Having just left Google and started my PhD in Applied Mathematics at Berkeley, I thought it might be appropriate to write some (more) math-related blog posts. Many of these posts, I jotted down on napkins and various other places on the web and just haven't had time to post until now.

For today, I'm posting a result which was somewhat fun to figure out with/for one of my buddies from Michigan Math. I'd also like to point out that he is absolutely kicking ass at Brown.

He was trying to determine if

$J(B_n)_{\text{Tor}}\left(\mathbb{Q}\right) \stackrel{?}{=} \mathbb{Z}/2\mathbb{Z}.$

WAT? In the above, $J(B_n)$ is the Jacobian of the curve $B_n$ given by $y^2 = (x + 2) \cdot f^n(x)$. Here $f^n$ denotes

$\underbrace{f \circ \cdots \circ f}_{n \text{ times}}$

and $f(x) = x^2 - 2$.

Now, his and my interests diverged some time ago, so I can't appreciate what steps took him from this to the problem I got to help with. However, he was able to show (trivially maybe?) that this was equivalent to showing that

$\gcd\left(5^{2^n} + 1, 13^{2^n} + 1, \ldots, p^{2^n} + 1, \ldots \right) = 2 \qquad (1)$

where the $n$ in the exponents is the same as that in $B_n$ and where the values we are using in our greatest common divisor (e.g. $5, 13$ and $p$ above) are all of the primes $p \equiv 5 \bmod{8}$.

My buddy, being sadistic and for some reason angry with me, passed me along the stronger statement:

$\gcd\left(5^{2^n} + 1, 13^{2^n} + 1\right) = 2 \qquad (2)$

which I of course struggled with and tried to beat down with tricks like $5^2 + 12^2 = 13^2$. After a few days of this struggle, he confessed that he was trying to ruin my life and told me about the weaker version $(1)$.

When he sent me the email informing me of this, I read it at 8am, drove down to Santa Clara for PyCon and by the time I arrived at 8:45am I had figured the weaker case $(1)$ out. This felt much better than the days of struggle and made me want to write about my victory (which I'm doing now). Though, before we actually demonstrate the weaker fact $(1)$ I will admit that I am not in fact tall. Instead I stood on the shoulders of Dirichlet and called myself tall. Everything else is bookkeeping.

## Let's Start the Math

First, if $n = 0,$ we see trivially that

$\gcd\left(5^{2^0} + 1, 13^{2^0} + 1\right) = \gcd\left(6, 14\right) = 2$

and all the remaining terms are divisible by $2$ hence the $\gcd$ over all the primes must be $2$.

Now, if $n > 0,$ we will show that $2$ divides our $\gcd,$ but $4$ does not and that no odd prime can divide this $\gcd$. First, for $2,$ note that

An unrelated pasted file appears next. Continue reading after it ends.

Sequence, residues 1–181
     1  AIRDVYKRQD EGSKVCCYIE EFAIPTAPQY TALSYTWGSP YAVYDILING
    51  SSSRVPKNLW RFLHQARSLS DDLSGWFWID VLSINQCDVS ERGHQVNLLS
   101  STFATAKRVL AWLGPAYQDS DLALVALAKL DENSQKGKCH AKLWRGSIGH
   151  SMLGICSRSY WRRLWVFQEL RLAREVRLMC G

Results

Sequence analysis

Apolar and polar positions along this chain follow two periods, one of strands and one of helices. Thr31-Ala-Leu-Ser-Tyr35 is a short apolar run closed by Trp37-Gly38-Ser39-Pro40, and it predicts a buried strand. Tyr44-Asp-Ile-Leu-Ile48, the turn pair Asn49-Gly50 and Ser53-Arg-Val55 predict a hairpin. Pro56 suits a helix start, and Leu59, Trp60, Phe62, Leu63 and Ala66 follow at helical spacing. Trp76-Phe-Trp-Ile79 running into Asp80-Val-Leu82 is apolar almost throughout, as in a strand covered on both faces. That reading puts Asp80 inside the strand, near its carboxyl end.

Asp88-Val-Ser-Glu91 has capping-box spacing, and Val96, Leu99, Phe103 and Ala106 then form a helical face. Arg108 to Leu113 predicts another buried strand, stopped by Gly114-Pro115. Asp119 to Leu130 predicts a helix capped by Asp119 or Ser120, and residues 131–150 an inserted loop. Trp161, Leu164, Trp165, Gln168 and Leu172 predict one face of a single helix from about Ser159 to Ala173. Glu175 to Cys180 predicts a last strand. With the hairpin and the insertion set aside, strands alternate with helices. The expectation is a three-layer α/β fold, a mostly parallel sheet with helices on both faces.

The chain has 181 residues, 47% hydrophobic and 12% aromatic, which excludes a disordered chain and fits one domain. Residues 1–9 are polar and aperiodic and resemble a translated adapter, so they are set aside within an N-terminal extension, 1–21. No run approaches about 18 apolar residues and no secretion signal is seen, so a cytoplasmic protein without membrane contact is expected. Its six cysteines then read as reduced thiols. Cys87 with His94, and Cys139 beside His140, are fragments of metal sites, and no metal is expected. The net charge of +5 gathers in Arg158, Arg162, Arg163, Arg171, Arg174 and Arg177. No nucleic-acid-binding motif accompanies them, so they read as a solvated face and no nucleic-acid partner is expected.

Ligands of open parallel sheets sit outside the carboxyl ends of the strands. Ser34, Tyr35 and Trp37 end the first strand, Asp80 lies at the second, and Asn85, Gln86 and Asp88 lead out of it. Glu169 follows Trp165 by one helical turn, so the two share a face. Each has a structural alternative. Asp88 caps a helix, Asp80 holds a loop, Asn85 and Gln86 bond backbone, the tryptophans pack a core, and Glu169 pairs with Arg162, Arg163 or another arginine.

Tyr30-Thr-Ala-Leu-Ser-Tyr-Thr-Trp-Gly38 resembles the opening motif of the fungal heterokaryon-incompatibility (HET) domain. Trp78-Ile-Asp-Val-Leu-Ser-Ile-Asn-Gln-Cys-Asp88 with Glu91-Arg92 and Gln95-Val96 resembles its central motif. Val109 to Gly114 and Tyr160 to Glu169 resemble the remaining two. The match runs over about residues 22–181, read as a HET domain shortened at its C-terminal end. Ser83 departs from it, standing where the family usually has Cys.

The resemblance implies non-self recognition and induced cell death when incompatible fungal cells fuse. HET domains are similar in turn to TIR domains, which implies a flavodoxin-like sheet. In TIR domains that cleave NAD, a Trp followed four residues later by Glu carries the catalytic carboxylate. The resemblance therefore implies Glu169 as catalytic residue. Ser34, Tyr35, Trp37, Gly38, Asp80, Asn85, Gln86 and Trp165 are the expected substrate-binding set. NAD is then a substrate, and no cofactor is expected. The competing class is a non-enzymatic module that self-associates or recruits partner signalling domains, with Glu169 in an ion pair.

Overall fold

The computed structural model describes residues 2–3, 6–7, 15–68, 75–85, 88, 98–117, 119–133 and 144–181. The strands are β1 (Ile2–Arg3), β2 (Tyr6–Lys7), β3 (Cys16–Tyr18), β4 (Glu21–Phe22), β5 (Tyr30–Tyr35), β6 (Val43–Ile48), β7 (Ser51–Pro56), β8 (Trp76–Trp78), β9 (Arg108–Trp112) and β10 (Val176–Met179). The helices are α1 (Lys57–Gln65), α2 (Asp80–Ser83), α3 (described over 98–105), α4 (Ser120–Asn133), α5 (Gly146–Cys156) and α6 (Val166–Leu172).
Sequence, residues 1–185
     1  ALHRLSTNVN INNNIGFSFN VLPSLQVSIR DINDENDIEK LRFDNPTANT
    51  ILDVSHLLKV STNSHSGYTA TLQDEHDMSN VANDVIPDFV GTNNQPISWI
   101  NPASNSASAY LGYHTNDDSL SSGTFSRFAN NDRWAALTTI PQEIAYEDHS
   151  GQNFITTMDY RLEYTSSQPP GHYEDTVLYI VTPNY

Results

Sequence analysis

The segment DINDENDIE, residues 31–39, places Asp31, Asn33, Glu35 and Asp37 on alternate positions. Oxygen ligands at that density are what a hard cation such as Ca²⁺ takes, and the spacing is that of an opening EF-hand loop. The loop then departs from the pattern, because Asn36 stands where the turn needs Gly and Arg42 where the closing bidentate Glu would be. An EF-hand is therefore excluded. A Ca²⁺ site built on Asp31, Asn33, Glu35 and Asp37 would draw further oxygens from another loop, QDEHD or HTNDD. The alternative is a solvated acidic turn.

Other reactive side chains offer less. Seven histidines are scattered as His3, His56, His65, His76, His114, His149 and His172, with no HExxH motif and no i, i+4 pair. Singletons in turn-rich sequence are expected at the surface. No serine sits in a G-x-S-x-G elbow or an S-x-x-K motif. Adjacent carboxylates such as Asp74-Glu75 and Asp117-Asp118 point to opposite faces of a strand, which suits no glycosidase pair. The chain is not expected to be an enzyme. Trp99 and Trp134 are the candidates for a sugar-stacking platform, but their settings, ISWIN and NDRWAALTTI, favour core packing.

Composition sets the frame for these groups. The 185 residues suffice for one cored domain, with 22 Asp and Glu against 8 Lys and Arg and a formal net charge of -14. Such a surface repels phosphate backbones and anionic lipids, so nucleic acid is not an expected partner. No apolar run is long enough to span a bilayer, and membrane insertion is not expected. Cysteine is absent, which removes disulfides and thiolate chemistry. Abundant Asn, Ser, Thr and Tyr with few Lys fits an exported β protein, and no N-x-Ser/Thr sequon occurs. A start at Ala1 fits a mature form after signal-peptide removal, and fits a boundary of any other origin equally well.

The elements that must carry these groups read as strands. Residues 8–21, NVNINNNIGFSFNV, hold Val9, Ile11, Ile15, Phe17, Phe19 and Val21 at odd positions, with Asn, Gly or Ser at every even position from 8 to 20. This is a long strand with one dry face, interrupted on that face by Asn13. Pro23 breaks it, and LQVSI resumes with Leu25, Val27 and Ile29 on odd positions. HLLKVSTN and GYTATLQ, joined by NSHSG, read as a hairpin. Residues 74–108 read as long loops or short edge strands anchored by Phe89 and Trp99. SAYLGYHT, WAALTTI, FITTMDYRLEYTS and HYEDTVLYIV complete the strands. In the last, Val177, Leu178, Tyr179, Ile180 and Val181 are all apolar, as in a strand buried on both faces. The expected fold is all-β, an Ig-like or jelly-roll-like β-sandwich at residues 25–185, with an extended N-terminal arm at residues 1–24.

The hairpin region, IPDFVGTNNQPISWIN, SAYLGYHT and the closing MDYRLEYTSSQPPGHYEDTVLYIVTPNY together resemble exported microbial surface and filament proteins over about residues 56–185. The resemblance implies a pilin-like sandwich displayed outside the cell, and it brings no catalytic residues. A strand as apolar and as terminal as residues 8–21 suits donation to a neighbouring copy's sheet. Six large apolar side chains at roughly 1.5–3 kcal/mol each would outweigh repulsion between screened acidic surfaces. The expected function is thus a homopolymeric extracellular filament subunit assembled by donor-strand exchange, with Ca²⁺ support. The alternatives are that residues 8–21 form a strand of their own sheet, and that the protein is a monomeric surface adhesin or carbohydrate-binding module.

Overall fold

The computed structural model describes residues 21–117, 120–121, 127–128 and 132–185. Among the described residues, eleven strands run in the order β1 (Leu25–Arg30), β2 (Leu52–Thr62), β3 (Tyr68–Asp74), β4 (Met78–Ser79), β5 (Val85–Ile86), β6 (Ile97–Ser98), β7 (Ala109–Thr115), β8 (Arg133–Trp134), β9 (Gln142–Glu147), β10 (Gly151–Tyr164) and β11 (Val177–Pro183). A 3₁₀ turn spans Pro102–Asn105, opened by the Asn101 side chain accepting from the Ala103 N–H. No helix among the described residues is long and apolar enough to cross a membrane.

$p^{2^n} + 1 \equiv \left(\pm 1\right)^{2^n} + 1 \equiv 2 \bmod{4}$

since our primes are odd. Thus they are all divisible by $2$ and none by $4$.

Now assume some odd prime $p^{*}$ divides all of the quantities in question. We'll show no such $p^{*}$ can exist by contradiction.

In much the same way we showed the $\gcd$ wasn't divisible by $4,$ we seek to find a contradiction in some modulus. But since we are starting with

$p^{2^n} + 1 \equiv 0 \bmod{p^{\ast}}$

if we can find some such $p$ with

$p \equiv 1 \bmod{p^{\ast}}$

then we'd have our contradiction from

$0 \equiv p^{2^n} + 1 \equiv 1^{2^n} + 1 \equiv 2 \bmod{p^{\ast}}$

which can't occur since $p^{*}$ is an odd prime.

With this in mind, along with a subsequence of the arithmetic progression $\left\{5, 13, 21, 29, \ldots\right\},$ it seems that using Dirichlet's theorem on arithmetic progressions may be a good strategy. However, this sequence only tells us about the residue modulo $8,$ but we also want to know about the residue modulo $p^{*}$. Naturally, we look for a subsequence in

$\mathbb{Z}/8\mathbb{Z} \times \mathbb{Z}/p^{*}\mathbb{Z}$

corresponding to the residue pair $(5 \text{ mod }{8}, 1 \text{ mod }{p^{*}} )$. Due to the Chinese remainder theorem this corresponds to a unique residue modulo $8p^{*}$.

Since this residue $r$ has $r \equiv 1 \bmod{p^{\ast}} ,$ we must have

$r \in \left\{1, 1 + p^{*}, 1 + 2p^{*}, \ldots, 1 + 7p^{*}\right\}.$

But since $1 + kp^{\ast} \equiv r \equiv 5 \bmod{8},$ we have $kp^{\ast} \equiv 4 \bmod{8}$ and $k = 4\left(p^{*}\right)^{-1} \text{ mod }{8}$ since $p^{*}$ is odd and invertible mod $8$. But this also means its inverse is odd, hence $k \equiv 4\cdot(2k' + 1) \equiv 4 \bmod{8}$. Thus we have $1 + 4 p^{\ast} \in \mathbb{Z}/8p^{\ast}\mathbb{Z}$ corresponding to our residue pair. Thus every element in the arithmetic progression

$\displaystyle S = \left\{(1 + 4p^{*}) + (8p^{*})k \right\}_{k=0}^{\infty}$

is congruent to $1 + 4 p^{*} \text{ mod }{8p^{*}}$ and hence $5 \text{ mod }{8}$ and $1 \text{ mod }{p^{*}}$.

What's more, since $5 \in \left(\mathbb{Z}/8\mathbb{Z}\right)^{\times}$ and $1 \in \left(\mathbb{Z}/p^{*}\mathbb{Z}\right)^{\times},$ we have $1 + 4 p^{*} \in \left(\mathbb{Z}/8p^{*}\mathbb{Z}\right)^{\times}$ (again by the Chinese remainder theorem). Thus the arithmetic progression $S$ satisfies the hypothesis of Dirichlet's theorem. Hence there must be at least one prime $p$ occurring in the progression (since there are infinitely many). But that also means $p$ occurs in $\left\{5, 13, 29, 37, \ldots\right\}$ hence we've reached our desired contradiction. RAA.

## Now What

We still don't know if the strong version $(2)$

$\gcd\left(5^{2^n} + 1, 13^{2^n} + 1\right) = 2$

By similar arguments as above, if any odd prime $p^{*}$ divides this $\gcd,$ then we have

$5^{2^n} \equiv -1 \bmod{p^{\ast}}$

hence there is an element of order $2^{n+ 1}$. This means the order of the multiplicative group $\varphi\left(p^{*}\right) = p^{*} - 1$ is divisible by $2^{n + 1}$. Beyond that, who knows? We're still thinking about it (but only passively, more important things to do).